Cassandra de Alba


When Pancho Villa goes sledding,
he is not the first one down the hill.
Less essential members of the party
are sent ahead to ensure that the snow
is not booby-trapped, the sled is in good
working order, the ice at the bottom
will hold. Although it is on his orders,
Pancho Villa finds this tedious.

Standing at the top of the hill,
watching henchmen covered in white flakes
heave their way back up, he imagines his childhood
as it never existed, surrounded by friends
clutching wooden toboggans painted bright
primary colors. In this childhood,
it is always light out and never too cold,
and the snowflakes are as big and detailed
as a pretty woman's palm.

Pancho Villa sits down, then lies flat
on his back, spreading his arms out.
An assistant rushes up to make sure
he's all right. Pancho Villa waves him away,
then begins to make a snow angel,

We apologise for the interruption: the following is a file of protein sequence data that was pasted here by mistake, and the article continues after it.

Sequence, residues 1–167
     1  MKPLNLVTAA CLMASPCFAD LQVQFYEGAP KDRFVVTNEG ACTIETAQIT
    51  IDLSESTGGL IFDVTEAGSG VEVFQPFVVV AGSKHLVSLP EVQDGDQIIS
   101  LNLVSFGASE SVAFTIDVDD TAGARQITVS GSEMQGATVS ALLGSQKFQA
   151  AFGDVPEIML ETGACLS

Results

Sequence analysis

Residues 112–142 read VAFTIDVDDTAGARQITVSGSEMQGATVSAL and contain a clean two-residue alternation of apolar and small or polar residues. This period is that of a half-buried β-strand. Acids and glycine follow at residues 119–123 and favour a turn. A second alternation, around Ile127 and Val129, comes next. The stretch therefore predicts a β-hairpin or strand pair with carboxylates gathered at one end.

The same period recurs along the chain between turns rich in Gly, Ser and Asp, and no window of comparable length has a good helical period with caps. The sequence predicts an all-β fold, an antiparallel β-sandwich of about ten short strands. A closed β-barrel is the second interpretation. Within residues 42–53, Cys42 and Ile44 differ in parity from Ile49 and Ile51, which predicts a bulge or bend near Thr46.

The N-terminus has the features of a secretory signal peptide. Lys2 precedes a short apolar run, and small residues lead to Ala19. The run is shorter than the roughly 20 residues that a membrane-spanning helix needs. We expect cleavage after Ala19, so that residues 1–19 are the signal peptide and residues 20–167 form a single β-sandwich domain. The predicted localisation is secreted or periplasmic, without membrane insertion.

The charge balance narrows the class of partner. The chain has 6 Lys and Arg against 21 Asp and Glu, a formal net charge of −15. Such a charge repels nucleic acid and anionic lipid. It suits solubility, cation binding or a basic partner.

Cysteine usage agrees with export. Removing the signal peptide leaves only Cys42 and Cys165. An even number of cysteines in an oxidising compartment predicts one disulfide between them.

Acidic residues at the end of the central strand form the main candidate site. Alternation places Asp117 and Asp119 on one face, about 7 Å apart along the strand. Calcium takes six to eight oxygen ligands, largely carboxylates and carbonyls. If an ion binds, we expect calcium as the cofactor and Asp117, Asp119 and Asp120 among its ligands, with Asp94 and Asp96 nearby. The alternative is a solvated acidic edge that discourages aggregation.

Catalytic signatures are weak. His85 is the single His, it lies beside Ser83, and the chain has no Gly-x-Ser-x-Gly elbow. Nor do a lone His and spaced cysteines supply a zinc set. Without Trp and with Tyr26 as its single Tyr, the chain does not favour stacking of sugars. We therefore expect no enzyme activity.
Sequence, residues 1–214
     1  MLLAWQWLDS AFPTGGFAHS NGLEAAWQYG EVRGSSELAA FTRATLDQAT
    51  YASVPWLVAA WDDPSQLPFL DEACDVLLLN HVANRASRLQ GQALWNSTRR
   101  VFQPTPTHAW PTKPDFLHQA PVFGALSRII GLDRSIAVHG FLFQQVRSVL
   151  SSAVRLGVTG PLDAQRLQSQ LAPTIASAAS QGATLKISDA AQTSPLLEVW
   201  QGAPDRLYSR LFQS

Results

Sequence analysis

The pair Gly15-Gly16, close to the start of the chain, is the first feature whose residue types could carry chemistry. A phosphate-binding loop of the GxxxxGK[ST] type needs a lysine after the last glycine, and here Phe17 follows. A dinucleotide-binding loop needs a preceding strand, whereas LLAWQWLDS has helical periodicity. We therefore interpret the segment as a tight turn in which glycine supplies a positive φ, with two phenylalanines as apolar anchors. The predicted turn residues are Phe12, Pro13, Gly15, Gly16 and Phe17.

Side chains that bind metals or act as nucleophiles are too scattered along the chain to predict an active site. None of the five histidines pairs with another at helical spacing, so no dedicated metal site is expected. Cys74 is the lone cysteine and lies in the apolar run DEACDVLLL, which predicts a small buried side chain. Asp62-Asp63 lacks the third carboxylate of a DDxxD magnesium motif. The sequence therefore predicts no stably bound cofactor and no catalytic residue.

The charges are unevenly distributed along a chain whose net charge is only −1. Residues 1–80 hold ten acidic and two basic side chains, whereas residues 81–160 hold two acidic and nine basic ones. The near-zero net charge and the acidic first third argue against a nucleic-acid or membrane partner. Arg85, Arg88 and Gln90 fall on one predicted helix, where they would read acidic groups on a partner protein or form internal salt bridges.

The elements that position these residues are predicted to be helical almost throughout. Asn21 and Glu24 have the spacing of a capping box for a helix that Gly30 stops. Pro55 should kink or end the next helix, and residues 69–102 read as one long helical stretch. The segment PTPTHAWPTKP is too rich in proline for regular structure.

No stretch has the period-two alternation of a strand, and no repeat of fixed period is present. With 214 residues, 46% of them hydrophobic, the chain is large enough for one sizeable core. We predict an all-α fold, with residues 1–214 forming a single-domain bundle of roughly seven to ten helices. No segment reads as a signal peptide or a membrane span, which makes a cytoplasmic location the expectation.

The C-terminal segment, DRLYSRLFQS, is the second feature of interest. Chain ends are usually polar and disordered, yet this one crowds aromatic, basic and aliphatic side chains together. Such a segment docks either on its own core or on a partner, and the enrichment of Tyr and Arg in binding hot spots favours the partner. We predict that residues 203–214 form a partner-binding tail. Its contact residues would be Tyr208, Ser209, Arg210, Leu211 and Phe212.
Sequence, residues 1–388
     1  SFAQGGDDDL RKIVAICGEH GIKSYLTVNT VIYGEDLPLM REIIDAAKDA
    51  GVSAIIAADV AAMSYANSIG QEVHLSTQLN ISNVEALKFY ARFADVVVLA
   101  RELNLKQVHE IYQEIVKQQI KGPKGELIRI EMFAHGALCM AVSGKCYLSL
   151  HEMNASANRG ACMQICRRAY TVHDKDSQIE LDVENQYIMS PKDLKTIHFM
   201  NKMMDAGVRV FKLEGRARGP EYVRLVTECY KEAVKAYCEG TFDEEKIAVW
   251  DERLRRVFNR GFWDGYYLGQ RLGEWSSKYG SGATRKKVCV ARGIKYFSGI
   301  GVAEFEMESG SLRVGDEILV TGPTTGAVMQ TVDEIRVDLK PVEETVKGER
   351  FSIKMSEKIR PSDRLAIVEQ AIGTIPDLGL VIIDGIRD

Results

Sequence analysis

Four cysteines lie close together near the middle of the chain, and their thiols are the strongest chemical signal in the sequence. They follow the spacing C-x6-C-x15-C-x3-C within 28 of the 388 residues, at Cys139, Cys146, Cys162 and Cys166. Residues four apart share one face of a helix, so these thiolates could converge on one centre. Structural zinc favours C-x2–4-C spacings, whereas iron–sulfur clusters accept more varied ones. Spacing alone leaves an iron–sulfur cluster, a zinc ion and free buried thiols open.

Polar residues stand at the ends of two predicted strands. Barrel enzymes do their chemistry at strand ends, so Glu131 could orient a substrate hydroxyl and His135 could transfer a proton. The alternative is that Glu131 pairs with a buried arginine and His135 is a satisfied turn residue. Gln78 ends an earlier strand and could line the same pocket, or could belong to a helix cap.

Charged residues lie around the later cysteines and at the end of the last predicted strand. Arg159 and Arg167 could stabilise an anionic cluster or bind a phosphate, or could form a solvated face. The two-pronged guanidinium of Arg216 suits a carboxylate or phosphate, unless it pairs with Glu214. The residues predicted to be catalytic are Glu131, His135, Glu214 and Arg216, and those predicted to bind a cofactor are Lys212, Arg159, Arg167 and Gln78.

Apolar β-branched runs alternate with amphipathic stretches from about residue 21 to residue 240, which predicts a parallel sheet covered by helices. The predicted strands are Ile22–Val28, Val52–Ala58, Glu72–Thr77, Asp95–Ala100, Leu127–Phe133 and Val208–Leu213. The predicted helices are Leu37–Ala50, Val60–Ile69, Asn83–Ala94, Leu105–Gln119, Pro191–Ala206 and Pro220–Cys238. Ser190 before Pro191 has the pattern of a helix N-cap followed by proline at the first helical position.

pushing his arms up and down for wings,
forcing the snow out of his way.
Several henchmen look on mutely.

When the hill has been declared safe,
Pancho Villa starts down, wind squeezing
tears from his eyes, hard crystals of snow
collecting in his mustache. The flakes
seem to swarm, attacking, but he is moving
faster now at the bottom and out
over the suitably frozen pond.

When he stops, one of his men rushes
to carry the sled. Pancho Villa
leads the way up the hill. He feels
almost happy. He feels as if he is finally
getting something done.

Cassandra de Alba studied poetry and history at Hampshire College and is a Massachusetts-based poet whose work has appeared in Strange Horizons, Drunken Boat, and Illuminati Girl Gang, among others.

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